Women’s March 2019 Keynote

In San Luis Obispo, California.

Good morning!

I am here to offer thoughts on how we can all speak truth to power.

Each of us already has this power, and now is the time to activate it.

We live in the media age, and power is manifested by what we pay attention to; in the attention economy, attention becomes currency.

What we pay attention to has a direct impact on our community and country.

What we pay attention to will become powerful – even if it is horrible.

I know because I have worked in the attention economy. I am a journalist, artist, and entrepreneur.

A decade ago, I started Misfit Media to tell stories about what was happening in Brooklyn. In the midst of the financial crisis, I bought the domain name Brooklyntheborough.com, because even though we were in New York City, Brooklyn was often overlooked in local coverage where Manhattan dominates.

Maybe you feel that on the Central Coast?

Communities, people and policy, and their everyday reality, were not getting attention.

No attention, no power.

I applied my experience to building an open source media platform for independent, creative people and projects to publish content worthy of our attention.

Creating a new model for media is important because the traditional model for supporting it is based on the exchange of money to capture our attention.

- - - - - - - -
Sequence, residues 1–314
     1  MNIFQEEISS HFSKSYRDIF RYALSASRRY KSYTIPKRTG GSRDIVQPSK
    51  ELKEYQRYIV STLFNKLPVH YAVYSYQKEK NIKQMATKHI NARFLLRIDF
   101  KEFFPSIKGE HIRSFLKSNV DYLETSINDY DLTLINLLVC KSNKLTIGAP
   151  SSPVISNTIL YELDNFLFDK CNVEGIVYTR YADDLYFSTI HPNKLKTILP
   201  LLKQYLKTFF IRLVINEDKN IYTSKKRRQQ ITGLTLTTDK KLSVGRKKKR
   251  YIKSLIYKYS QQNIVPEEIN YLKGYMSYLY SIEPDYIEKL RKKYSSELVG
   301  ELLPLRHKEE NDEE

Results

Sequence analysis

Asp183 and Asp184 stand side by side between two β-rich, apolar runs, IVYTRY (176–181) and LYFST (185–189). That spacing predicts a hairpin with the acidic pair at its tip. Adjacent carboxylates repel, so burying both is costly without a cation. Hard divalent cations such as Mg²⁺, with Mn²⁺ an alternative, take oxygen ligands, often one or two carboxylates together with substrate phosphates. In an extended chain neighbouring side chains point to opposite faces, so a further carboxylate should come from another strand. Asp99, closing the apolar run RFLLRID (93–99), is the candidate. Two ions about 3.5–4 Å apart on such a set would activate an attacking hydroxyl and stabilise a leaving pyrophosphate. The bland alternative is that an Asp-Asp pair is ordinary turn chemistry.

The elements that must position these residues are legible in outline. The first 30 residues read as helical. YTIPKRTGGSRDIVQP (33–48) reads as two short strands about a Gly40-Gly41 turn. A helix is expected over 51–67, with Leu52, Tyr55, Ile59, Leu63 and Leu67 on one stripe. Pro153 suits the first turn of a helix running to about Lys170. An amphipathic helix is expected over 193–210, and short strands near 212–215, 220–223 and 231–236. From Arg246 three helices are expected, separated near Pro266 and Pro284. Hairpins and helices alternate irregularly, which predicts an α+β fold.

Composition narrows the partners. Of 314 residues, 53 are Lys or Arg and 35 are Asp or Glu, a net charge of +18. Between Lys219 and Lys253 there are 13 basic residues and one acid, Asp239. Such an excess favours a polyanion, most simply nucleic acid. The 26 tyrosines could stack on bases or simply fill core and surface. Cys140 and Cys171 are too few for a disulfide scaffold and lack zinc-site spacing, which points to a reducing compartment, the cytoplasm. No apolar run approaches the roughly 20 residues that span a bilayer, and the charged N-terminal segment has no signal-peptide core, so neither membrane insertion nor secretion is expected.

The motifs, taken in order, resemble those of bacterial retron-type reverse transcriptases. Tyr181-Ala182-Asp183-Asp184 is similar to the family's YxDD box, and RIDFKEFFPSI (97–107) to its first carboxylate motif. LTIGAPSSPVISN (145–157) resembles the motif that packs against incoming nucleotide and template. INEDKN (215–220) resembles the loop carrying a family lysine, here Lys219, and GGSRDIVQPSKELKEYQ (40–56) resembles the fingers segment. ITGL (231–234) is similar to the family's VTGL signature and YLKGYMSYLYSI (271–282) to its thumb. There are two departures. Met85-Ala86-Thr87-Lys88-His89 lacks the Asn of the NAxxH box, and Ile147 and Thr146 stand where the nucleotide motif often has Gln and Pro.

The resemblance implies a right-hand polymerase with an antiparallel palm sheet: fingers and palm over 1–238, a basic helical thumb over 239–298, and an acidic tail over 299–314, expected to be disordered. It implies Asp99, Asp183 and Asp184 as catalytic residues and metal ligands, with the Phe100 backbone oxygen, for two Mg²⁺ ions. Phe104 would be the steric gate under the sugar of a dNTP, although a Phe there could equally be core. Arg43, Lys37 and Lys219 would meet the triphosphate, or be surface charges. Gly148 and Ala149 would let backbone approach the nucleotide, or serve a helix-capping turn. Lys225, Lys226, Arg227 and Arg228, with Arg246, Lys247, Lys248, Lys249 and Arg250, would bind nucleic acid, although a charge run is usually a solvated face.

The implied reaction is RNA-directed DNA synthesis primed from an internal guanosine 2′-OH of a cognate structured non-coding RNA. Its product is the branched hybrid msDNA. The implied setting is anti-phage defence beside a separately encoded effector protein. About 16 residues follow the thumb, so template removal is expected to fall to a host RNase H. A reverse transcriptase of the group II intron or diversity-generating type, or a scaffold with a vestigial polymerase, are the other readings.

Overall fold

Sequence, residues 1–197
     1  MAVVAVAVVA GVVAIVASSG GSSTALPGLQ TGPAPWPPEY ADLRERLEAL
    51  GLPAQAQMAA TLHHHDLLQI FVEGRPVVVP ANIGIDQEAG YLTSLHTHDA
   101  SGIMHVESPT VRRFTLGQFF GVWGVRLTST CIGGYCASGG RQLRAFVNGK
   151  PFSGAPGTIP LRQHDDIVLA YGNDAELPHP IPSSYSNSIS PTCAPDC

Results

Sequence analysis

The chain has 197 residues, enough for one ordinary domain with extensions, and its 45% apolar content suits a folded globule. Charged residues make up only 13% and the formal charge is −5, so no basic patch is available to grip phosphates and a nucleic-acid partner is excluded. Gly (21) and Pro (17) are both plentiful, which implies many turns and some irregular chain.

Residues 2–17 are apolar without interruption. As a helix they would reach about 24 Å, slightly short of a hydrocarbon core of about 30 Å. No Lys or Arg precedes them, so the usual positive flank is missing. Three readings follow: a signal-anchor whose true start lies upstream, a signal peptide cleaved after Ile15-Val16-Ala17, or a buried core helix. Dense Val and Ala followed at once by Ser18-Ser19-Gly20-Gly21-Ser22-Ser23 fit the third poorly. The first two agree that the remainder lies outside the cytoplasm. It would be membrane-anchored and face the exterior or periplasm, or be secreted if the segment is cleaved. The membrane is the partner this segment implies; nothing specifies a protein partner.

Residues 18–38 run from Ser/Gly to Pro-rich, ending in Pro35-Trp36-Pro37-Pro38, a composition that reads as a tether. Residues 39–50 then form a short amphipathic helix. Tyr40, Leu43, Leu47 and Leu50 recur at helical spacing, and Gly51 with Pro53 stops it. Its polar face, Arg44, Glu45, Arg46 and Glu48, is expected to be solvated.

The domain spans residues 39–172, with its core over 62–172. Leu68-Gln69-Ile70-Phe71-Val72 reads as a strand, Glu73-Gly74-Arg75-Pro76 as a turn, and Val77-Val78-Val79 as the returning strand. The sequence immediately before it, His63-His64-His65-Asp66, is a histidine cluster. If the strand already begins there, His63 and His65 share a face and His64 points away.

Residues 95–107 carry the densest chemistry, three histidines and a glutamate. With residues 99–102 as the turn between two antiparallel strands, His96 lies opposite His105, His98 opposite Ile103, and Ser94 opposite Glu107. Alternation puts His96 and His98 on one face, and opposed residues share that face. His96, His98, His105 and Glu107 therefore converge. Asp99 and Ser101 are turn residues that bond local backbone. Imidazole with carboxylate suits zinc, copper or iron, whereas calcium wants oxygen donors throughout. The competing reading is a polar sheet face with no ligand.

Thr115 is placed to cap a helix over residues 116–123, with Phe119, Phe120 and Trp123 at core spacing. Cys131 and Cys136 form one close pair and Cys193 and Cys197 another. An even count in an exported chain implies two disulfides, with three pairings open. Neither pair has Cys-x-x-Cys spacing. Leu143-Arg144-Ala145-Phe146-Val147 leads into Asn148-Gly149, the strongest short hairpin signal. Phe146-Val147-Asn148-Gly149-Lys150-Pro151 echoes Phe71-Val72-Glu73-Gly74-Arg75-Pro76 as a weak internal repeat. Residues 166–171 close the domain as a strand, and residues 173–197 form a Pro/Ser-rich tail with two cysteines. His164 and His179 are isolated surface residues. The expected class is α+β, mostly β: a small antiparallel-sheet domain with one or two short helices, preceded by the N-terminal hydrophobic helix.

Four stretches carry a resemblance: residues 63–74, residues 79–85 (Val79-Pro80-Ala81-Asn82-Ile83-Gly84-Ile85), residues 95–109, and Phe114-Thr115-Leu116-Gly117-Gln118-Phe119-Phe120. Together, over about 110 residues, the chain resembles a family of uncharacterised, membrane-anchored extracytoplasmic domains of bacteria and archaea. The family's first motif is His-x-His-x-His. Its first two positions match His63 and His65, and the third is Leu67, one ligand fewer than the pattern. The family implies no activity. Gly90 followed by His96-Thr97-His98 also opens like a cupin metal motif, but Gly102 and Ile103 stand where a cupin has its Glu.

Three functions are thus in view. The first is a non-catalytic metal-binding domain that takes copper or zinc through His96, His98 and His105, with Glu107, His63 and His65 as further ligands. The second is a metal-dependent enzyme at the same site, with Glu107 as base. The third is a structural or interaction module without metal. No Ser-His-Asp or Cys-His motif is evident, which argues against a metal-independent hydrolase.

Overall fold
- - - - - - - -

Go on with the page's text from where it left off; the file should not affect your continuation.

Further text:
Every recent election cycle has seen the amount of money politicians spend on political advertising increase. Stop for a second and think of all the political ads you saw on TV during last year’s midterm election.

Now consider the massive effort that went into presenting them to you.

That politician or political action committee spent time convincing people, over the phone and in person, to give them money,

so they could pay a company to make the ad,

then a pay another company to show you that ad.

After that money moves through many layers of people, it becomes becomes ad revenue for a media company that pays the salaries of local TV reporters, who are mostly reporting on crime and not policy.

When all was said and done, $5 billion dollars exchanged hands in the last campaign.

It’s not limited to politics.

Across the content we watch, businesses create advertising to sell products that may make us feel bad about our bodies, or sell us food that is not healthy for us, or products that are not made humanely, or that are not good for the environment.

So everyone here is familiar with the Communications Act of 1934, right?

It continues to be the foundation that governs media today. It says: